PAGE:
Then you can buy the booze, I’ll drink you under the table.
          Practice makes perfect, and helps the drying behind your ears.

      2. I don’t think a teenager’s ageism excuse yours. That is presumably another *individual* you are referring to.

      3. Sure, teens may think 66 is old, but I was talking in the context of cultural changes in the US. This guy was not even a teen when the civil rights movement started. His formative years were Woodstock-era, not reconstruction-era. He doesn’t have much ‘when I grew up this was acceptable’ cred.

  2. Some old coot says the k-word. Other than the faux indignation from everyone, how much actual harm did everyone suffer? The guy tried to apologize in his own way; give him a break. We go on about the woke all the time but from my perspective this is similar to how they might react.

    1. The proper response was him removing himself from the school board. My personal view of what was ‘required’ of him ends there. Discussing the badness of his apology is, IMO, more like gallows humor than anything else – I’m not incensed or upset, more like incredulous.

    2. I don’t see it as a question of harm, but rather, one of accountability from a public official. There are standards of acceptable behavior that must be upheld, and with Hoey’s obvious bigotry and anti-Semitism, he is unfit to continue serving as a community leader. This is something Trump and his enablers refuse to understand, and we are a greatly diminished society as a result of no accountability.

    3. I got convinced by the Anti-Defamation League that antisemitism, or any other kind of undue discrimination of the kind (against the blacks, the gays, the stamp collectors or whatever) begins with these small things that have to be fought so that the bigger thing never have to be fought.

      Except in the case of Ken Kukec’s wife, an explanation would have been enough.

  3. My wife, who grew up among the Boston Irish in Cambridge, once called a kid a “kike.” She was about eight years old at the time and understood it strictly as some general-purpose insult she’d heard older kids in the neighborhood use. Turns out, the kid she said it to was Jewish. His parents called her parents and that night she had to march over to his house, climb the stoop, ring the doorbell, and apologize to the whole family.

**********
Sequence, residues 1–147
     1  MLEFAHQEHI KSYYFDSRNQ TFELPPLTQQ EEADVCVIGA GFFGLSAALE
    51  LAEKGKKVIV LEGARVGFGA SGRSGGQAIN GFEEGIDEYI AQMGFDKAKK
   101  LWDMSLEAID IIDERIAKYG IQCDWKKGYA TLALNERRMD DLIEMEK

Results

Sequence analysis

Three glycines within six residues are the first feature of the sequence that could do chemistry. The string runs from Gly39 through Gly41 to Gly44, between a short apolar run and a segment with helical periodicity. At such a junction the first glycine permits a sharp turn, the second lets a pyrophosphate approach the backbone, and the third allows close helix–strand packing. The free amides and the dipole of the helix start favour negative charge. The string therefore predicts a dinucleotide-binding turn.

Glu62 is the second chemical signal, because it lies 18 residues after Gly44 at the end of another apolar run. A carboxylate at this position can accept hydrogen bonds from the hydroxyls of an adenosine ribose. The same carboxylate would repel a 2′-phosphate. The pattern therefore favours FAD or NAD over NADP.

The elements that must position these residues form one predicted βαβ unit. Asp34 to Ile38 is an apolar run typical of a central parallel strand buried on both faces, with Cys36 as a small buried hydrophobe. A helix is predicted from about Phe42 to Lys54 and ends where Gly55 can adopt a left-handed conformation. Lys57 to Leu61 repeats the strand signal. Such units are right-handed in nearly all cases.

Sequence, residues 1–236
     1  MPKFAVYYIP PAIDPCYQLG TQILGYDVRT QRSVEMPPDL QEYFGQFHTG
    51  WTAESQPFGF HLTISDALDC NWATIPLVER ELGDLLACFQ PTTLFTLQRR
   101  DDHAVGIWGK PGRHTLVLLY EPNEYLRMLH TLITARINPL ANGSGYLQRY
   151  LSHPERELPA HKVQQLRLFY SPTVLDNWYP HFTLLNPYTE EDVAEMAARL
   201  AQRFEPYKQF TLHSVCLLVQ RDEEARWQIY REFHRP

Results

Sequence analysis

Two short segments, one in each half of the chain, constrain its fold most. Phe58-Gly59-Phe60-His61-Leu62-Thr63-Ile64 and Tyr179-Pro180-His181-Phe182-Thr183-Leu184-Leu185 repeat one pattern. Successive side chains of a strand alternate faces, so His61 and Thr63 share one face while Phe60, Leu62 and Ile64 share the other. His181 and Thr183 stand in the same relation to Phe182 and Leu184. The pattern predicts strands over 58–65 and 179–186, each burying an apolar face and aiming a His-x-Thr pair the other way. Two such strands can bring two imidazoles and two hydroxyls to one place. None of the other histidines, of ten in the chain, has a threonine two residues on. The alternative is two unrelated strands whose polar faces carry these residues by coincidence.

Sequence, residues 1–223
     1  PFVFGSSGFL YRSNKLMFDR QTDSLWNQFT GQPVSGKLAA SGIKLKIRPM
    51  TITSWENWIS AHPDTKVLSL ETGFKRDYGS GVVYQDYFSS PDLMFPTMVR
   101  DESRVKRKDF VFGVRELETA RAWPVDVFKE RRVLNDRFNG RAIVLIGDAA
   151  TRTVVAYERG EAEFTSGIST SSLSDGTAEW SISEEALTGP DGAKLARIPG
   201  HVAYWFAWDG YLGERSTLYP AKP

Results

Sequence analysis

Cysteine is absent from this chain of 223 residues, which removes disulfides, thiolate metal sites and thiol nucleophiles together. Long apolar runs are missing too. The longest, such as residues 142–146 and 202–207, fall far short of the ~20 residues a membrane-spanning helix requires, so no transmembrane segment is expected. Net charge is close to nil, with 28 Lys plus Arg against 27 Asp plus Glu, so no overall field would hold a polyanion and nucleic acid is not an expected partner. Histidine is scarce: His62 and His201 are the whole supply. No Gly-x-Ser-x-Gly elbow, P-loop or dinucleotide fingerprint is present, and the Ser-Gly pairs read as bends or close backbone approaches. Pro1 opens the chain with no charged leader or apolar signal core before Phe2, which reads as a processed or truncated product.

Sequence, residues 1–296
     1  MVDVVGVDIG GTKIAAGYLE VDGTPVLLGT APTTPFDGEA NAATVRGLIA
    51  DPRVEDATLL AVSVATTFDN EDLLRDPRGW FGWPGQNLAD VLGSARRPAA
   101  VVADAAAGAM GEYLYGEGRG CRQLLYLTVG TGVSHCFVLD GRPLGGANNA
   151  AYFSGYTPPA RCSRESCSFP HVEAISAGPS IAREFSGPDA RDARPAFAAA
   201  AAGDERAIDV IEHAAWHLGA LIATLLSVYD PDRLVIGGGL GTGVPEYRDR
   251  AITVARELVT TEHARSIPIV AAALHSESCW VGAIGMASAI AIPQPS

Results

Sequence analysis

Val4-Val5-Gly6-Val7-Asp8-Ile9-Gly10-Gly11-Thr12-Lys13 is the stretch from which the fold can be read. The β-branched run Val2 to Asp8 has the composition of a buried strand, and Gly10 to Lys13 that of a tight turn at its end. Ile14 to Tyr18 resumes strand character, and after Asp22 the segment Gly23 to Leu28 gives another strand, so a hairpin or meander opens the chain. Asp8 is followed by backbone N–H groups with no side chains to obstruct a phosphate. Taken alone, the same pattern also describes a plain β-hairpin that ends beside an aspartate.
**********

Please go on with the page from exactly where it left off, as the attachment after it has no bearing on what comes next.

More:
It was a source of great humiliation for her, unto adulthood. As a matter of fact, I don’t think she (who hasn’t an anti-Semitic bone in her body) could even bring herself to tell me about it until we’d been married a couple years.

    Anyway, I stored it away and, vicious counterpuncher that I am, sometimes when we’d get into a real knock-down, drag-out row, and she’d start harping on something I’d done that seemed like ancient history, I’d turn to her and say, “Yeah, well, at least I’m not some anti-Semite who once called a poor, little innocent Jewish kid a ‘kike.'”

    Oh, boy howdy, we’d really be off to the races then. 🙂

      1. Yeah, or the tough Jew played by Montgomery Clift in the Young Lions, or the one played by Joe Mantegna in Liberty Heights — both of whom took on all comers who hurled anti-Semitic slurs their way.

        For that matter, if memory serves, our host once had to defend himself in a fistfight with a pair of anti-Semites.

  4. The real shame is how quick humans are to go for the things that likely have nothing to do with the issue at hand when one has a difference of opinion. People of all races, political affiliations and religions are a bell curve and the disagreement that they initially had could most likely have been attributed to anyone of them. It is just that when they are “other” than ourselves, we are too quick to pull that card out. It is good that he is off the school board, just sad how prevalent it is.

  5. Like many of such people, he apologised that other people were hurt by his statement, not for making that statement.

  6. I was taught that if you made a point of never using such slurs even in private conversation, you have very little risk of inadvertently saying them out loud in public.
    The converse implication is that people who “accidentally” let such slurs slip are pretty likely to use them frequently when they think it is safe to do so.